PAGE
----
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ack-ing (was Re: Feedback from UHKA 2003)


  • Subject: ack-ing (was Re: Feedback from UHKA 2003)
  • From: Patrick Lidstone
  • Date: Tue, 20 May 2003 09:43:00 +0000

More thoughts on this:

- 3 scenarios, all ack and sequence related.

Negative Ack:
Receiver benefits from detecting the loss of a message, and can re-
request or take action as appropriate, but doesn't generate any
network traffic in the default case where everything works ok.

Positive Ack:
Receiver acknowledges receipt of every message explicitly. Can be
useful for flow control (next message isn't sent until timeout/ack is
received). Guarantees that the sender knows an action was performed.

Sequencing:
Receiver is able to concatenate sequenced messages to form a message
that is bigger than the underlying transport can handle. Might be
useful one day.


Possible mechanism:

xap-header
{
...
tm=+ -OR- tm=- -OR- tm is omitted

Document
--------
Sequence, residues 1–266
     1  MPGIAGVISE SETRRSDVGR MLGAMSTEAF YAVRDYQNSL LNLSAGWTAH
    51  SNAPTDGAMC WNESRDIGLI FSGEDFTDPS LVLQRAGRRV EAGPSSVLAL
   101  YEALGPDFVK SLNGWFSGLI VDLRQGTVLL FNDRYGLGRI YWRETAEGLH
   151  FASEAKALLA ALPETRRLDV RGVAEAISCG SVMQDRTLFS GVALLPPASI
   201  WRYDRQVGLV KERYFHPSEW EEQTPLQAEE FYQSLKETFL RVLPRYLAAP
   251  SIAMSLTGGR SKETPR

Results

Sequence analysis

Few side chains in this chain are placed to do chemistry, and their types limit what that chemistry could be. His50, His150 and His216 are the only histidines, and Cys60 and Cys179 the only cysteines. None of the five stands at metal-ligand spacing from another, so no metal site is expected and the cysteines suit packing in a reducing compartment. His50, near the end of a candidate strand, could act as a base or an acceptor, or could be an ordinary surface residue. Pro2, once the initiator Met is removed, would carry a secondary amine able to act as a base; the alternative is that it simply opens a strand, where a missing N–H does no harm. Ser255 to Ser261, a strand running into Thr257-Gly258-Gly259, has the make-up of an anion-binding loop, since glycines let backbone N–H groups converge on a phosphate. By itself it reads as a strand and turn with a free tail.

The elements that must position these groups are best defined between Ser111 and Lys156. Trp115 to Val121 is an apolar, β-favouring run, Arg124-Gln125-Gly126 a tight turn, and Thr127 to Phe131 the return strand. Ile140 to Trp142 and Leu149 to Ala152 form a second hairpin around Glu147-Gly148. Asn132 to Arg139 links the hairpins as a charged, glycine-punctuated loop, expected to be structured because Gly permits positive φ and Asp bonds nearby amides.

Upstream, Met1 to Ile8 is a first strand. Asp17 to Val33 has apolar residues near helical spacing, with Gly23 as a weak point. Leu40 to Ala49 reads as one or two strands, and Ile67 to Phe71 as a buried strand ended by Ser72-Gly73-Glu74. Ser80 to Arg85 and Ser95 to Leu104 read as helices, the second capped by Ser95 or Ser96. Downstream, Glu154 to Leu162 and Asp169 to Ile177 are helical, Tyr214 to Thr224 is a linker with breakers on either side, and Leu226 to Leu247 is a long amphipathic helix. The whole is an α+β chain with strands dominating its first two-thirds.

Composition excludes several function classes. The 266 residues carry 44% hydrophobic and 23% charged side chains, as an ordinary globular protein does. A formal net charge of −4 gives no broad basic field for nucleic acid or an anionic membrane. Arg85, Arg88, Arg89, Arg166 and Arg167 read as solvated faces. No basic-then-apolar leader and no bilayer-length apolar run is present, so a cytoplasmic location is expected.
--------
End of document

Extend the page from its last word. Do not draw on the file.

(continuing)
seq=nnn
...
}

where tm is transport mode, and + is positive ack and - is negative
ack and seq is sequence.

Sender increments sequence according to these rules:
- If the message is a targeted message, sequence increments for that
specific target
- If message is source addressed, sequence increments for that source

The receiver can track sequence numbers for a source that they are
interested in by storing UID and sequence number. (UID is proving
invaluable...) They would only need to do that in the negative ack or
concatenation scenario.

A receiver indicates supported transport modes by including:

xap-hbeat
{
...
tm=+-
...
}

in their heartbeat.

Fully backwards compatible - any of the tm / seq fields may be
omitted, and interoperability should be seamless. Adds a lot of
flexibility (too much?) for very little overhead.

Patrick






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